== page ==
Debt restructuring approved

Published 11:27 am Thursday, September 22, 2016

The Cumberland County Board of Supervisors approved the issuance of a general obligation bond from the Virginia Public School Authority (VPSA) for up to $18.5 million during its Sept. 13 meeting in an effort to restructure the county’s debt load.

Vivian Seay Giles

Vivian Seay Giles

According to County Administrator and Attorney Vivian Seay Giles, roughly $17 million is currently outstanding on a SunTrust loan. Giles said projected lower interest rates would result in savings for the county through restructuring. The Sept. 13 meeting included a public hearing on the matter, growing out of discussions during an Aug. 25 workshop where a majority of the board ended up favoring the VSPA option following a presentation by Davenport & Company.

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District Two Supervisor and Board Chairman Lloyd Banks estimated the new rate would be in the 2 percent range — 1 percent lower than the current SunTrust note, according to Davenport’s Jimmy Sanderson. That’s why, Sanderson said, it “made sense” to refund the transaction.

According to Sanderson, the lien on the county’s middle and high school complex — a part of the current loan structure — would go away by structuring the savings a certain way. He said debt service would be about $3.3 million lower during the first seven years of the loan and about $2.7 higher during the last few years.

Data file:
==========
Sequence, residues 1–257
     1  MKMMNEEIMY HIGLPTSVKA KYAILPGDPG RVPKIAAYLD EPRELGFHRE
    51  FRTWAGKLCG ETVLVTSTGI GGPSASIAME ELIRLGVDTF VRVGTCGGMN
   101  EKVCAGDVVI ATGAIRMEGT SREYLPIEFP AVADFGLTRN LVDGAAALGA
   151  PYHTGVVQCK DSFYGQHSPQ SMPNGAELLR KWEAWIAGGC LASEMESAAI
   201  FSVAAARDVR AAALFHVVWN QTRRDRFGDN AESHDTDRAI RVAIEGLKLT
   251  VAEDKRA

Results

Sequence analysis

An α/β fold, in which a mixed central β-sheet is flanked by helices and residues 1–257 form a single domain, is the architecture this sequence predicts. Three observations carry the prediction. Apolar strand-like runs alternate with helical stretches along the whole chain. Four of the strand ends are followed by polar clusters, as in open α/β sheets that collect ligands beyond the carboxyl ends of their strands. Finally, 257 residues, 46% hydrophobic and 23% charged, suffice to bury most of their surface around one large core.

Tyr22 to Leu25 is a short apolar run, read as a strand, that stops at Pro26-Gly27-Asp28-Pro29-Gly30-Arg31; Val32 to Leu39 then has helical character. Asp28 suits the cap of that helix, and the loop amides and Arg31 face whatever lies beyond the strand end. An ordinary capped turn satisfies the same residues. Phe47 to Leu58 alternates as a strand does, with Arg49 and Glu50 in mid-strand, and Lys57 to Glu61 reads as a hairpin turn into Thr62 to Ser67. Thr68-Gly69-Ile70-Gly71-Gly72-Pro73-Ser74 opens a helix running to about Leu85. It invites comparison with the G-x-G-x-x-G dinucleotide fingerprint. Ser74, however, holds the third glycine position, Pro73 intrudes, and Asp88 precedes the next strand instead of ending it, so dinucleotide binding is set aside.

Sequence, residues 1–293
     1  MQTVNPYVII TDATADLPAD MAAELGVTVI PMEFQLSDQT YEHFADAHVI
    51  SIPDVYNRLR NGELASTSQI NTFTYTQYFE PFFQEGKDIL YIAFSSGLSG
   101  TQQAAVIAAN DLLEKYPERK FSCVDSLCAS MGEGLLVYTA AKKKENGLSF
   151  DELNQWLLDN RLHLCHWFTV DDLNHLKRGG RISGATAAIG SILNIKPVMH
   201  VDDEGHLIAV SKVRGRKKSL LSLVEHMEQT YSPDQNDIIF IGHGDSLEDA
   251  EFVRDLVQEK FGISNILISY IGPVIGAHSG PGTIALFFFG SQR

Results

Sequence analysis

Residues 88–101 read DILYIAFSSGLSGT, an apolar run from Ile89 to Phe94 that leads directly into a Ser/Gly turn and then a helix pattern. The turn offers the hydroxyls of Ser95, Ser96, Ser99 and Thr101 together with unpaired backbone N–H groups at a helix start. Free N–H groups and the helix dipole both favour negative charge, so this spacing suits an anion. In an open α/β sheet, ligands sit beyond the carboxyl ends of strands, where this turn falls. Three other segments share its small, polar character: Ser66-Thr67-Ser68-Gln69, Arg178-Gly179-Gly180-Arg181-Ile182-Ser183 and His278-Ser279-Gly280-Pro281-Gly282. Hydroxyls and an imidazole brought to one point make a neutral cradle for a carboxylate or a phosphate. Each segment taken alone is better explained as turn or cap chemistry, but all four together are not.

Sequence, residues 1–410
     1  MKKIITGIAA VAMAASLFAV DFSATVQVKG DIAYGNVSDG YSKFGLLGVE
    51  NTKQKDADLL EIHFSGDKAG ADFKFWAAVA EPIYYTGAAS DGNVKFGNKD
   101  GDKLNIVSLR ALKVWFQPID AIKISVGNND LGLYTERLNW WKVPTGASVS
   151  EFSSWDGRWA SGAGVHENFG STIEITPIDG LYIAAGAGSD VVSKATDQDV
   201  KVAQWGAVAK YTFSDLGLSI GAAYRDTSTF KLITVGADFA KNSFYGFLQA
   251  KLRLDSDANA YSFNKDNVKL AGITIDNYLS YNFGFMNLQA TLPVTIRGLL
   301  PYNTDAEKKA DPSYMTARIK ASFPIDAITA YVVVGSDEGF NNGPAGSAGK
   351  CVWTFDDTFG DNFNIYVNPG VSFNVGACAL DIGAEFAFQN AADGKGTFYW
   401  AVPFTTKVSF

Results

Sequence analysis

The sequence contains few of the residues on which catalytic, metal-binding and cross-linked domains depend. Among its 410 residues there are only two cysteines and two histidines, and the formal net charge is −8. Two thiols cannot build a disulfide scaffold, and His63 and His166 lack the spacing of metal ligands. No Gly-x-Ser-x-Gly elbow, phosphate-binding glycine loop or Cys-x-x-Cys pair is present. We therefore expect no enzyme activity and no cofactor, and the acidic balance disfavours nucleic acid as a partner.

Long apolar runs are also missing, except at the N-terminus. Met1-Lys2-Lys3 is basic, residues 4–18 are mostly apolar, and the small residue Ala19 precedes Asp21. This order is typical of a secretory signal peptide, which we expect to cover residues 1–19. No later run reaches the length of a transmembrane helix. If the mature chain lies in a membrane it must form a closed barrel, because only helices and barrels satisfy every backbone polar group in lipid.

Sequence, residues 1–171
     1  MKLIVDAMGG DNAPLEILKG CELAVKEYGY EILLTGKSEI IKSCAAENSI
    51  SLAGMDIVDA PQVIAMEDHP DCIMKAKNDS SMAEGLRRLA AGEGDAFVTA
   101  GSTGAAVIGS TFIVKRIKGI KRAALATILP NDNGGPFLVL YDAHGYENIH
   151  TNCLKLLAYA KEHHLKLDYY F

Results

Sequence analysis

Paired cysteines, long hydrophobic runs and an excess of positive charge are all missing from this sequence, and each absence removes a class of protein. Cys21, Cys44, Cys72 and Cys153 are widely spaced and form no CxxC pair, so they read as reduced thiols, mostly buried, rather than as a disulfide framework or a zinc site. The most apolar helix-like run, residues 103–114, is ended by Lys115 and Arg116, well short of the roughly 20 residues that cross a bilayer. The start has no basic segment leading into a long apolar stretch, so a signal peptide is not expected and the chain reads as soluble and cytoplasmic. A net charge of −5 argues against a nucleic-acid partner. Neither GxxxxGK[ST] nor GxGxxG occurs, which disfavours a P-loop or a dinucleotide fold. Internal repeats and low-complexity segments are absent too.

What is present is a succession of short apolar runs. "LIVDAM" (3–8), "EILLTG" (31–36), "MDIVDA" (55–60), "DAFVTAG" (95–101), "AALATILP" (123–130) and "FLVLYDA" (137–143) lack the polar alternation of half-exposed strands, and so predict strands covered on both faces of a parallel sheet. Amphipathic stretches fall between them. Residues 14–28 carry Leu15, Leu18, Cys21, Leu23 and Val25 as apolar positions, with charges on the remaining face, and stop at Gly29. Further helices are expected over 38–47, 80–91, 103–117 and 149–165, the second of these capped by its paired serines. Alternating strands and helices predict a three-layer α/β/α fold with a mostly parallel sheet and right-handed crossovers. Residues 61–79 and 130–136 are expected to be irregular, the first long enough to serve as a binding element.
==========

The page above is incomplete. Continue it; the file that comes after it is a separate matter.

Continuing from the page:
“Your overall debt service … (will be) a level debt service structure so that your debt service in 2018 would go to approximately $2.9 million and would remain at $2.9 million through FY 2030,” Sanderson said, contributing to an estimated $1 million in overall savings to the county.

“It … is a real dollar savings because of the lower interest rate,” Giles added. “Based on the market right now, it seems that VPSA would be the most advantageous.”

More than 10 percent of the $18.5 bond proceeds are proposed to be used to finance and refinance the county’s high and middle school complex facilities.

According to the Davenport presentation, 2012 bonds — as a direct bank loan from SunTrust — refinanced the county’s 2008 lease revenue bonds. Those bonds were incurred through the construction of the school complex. Giles said the remaining $17.9 million debt represents about half the county’s total debt.

Banks said he had reservations about delaying the larger payments until later “because they do come at a cost.” He also expressed concern with Davenport charging $100,000 for its financial consultation and advice.

“It gives our reserves a shot in the arm,” District Three Supervisor Kevin Ingle said.

Giles said the county’s reserve fund balance is at just under $3 million, noting it should be about $4 million.

According to Dan Siegel, of SandsAnderson — the county’s bond counsel — the new true interest cost won’t exceed 2.96 percent, “which was the highest that was possible during the old loan.”

Under the current arrangement, the SunTrust debt should be paid off by July 15, 2029, but with a fixed interest rate of 2.96 percent only good through Jan. 1, 2025.

The restructuring option the board agreed to will see the debt paid off by Aug. 1, 2029, with a fixed interest rate throughout the term.